FAQ About Our Farm, Nigerian Dwarf Goats, and Goats in General
How do you pronounce Sans Gene? Sans Gene is pronounced "SAW-ZHEN." Itis a French phrase literally translated means "without care". Generally it means carefree in a sassy sort of way. Our herd was named after a distant ancestor, Cathérine Hübscher, wife of Marshal of France and Duke of Danzig, François Joseph Lefebvre. Joseph Lefebvre served under Napoleon, and when Napoleon became emperor, Joseph was titled Duke of Danzig. Cathérine, of common birth and having been a soldier's wife most of her life, was known to speak plainly rather than take on "courtly airs," and thus the duchess was dubbed Madame Sans Gene, or "Madame Cheeky One." As goats pretty much do as they please, caring little for our silly human conventions and contrivances, I thought the name was a perfect fit.
How big do Nigerian Dwarfs get? ADGA and AGS, the two largest dairy goat registries in the US, define height limit for Nigerians as 22 1/2" for does, and 23 1/2" for bucks. Neither should stand under 17".
How much milk can I expect from a Nigerian Dwarf doe? A very good question that is often asked, but does not have a straightforward answer. A mature doe (at least 2 years old and with 2 or more freshenings) from proven milking stock, might be expected to produce about 2 - 3lbs, about a quart to quart and a half a day, over a 8-10 month period. This works out to around 600 - 900 lbs of milk for a 10 month lactation. That said, some will produce a bit more, and some less, and almost all does will produce more early in their lactation and less and less toward the end. Age, nutrition, husbandry, and health all play a big role in production as well. A first freshener might only average a pound or so a day, yet could easily double that her next lactation. To see the 2011 breed average for does on DHIR milk test, click HERE.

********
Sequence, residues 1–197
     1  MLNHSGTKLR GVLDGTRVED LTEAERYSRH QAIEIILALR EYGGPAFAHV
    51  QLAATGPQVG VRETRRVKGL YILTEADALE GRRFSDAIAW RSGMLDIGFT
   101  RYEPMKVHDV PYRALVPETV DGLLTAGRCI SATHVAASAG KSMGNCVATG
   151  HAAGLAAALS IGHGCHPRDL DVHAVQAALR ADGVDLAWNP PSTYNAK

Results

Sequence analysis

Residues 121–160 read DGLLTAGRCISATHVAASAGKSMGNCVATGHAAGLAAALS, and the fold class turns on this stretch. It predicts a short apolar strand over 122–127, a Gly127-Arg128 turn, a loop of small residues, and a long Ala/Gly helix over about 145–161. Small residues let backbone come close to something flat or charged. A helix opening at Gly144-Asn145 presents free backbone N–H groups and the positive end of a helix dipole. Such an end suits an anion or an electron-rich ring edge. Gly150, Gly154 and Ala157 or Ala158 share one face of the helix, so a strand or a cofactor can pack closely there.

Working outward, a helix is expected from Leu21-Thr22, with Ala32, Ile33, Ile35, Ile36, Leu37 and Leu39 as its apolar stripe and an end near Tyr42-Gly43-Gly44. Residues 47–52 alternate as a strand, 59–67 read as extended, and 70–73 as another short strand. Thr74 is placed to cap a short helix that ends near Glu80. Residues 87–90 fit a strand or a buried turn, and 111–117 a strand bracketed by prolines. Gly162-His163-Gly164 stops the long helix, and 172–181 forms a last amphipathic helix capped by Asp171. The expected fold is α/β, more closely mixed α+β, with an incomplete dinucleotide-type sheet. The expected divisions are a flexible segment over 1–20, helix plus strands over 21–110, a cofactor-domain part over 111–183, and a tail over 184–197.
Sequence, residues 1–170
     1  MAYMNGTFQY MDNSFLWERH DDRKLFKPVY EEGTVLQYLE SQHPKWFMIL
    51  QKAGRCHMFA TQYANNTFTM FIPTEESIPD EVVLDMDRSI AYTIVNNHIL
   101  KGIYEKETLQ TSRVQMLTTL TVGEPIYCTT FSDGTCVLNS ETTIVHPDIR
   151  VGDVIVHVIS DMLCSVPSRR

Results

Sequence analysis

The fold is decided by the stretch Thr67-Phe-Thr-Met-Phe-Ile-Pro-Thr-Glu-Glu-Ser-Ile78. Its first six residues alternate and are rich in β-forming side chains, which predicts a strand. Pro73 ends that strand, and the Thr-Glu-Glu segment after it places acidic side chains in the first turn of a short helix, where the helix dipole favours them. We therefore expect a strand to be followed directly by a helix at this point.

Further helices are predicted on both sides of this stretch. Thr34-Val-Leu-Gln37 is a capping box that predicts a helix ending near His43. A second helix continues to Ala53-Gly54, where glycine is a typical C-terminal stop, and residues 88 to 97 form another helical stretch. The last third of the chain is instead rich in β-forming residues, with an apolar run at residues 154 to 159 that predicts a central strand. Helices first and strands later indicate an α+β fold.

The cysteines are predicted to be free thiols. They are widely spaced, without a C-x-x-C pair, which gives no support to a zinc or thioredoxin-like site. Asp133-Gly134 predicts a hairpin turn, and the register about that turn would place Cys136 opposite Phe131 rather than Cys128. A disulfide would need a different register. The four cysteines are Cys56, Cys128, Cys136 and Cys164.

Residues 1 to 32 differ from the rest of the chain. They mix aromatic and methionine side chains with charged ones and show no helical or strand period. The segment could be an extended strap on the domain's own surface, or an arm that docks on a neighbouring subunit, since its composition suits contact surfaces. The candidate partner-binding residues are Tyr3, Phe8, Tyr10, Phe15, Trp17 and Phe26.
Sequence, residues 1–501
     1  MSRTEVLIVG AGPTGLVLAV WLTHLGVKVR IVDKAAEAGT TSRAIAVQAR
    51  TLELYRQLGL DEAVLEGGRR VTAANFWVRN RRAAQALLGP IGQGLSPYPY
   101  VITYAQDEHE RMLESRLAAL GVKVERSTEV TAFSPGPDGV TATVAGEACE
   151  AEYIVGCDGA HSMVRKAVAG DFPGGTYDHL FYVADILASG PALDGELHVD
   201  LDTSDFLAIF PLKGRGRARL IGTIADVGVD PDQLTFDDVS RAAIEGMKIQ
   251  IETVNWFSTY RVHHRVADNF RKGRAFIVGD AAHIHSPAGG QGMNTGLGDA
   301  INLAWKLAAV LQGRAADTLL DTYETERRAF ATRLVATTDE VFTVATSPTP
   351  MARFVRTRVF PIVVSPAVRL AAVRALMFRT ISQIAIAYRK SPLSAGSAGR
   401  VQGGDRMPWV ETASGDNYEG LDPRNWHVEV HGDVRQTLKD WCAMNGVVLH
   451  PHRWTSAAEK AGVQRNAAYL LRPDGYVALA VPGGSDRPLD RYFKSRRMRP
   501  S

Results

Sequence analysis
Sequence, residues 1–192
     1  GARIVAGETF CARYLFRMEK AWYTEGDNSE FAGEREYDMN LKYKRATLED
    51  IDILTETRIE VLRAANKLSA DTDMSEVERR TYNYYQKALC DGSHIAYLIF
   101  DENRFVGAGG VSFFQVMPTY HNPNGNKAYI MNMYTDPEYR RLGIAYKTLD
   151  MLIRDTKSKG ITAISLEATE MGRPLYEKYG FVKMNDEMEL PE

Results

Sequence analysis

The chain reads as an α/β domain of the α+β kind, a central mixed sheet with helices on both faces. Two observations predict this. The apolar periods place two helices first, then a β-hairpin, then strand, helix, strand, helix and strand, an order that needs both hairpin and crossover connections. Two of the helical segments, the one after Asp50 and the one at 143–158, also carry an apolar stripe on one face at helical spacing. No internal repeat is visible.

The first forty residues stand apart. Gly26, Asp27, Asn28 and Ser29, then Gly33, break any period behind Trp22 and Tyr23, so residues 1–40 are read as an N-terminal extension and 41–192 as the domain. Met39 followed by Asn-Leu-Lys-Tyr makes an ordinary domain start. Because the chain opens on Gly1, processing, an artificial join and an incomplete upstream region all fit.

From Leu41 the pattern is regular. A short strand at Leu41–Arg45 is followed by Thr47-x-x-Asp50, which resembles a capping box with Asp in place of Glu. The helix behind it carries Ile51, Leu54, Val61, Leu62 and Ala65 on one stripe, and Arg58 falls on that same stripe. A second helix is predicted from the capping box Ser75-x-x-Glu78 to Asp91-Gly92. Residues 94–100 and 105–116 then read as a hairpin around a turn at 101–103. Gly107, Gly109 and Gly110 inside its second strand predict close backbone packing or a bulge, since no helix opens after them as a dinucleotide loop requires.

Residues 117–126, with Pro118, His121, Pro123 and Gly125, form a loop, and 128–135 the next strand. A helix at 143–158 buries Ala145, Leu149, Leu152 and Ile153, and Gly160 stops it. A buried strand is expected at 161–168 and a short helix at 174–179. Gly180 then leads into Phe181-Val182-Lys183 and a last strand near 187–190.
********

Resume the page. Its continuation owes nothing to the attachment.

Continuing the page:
The top 10 best milkers participating in DHIR milk production testing through the USDA for 2011, produce an average 4.23 lbs of milk a day, just about a half gallon, over 9-10 month lactation. A very good milker may well milk this much or even more at the beginning of her lactation, but very, very few maintain that amount for more than a month or two.
As Nigerians make wonderful pets and companion animals, many are bred for color and perhaps show, and not milk production. An animal with this type of background may have a greater chance of not producing much milk or for very long ~ though she could surprise you! The breed is very young, and as only a small percentage of Nigerian Dwarfs have official milk records and data, there are many "wildcards" out there. While a pedigree full of milking awards won't guarantee a good milker, it certainly improves one's chances. The closest sure bet for knowing how a doe milks is to purchase a doe in milk with an established milk record, give her great care & nutrition, and of course keep milking her!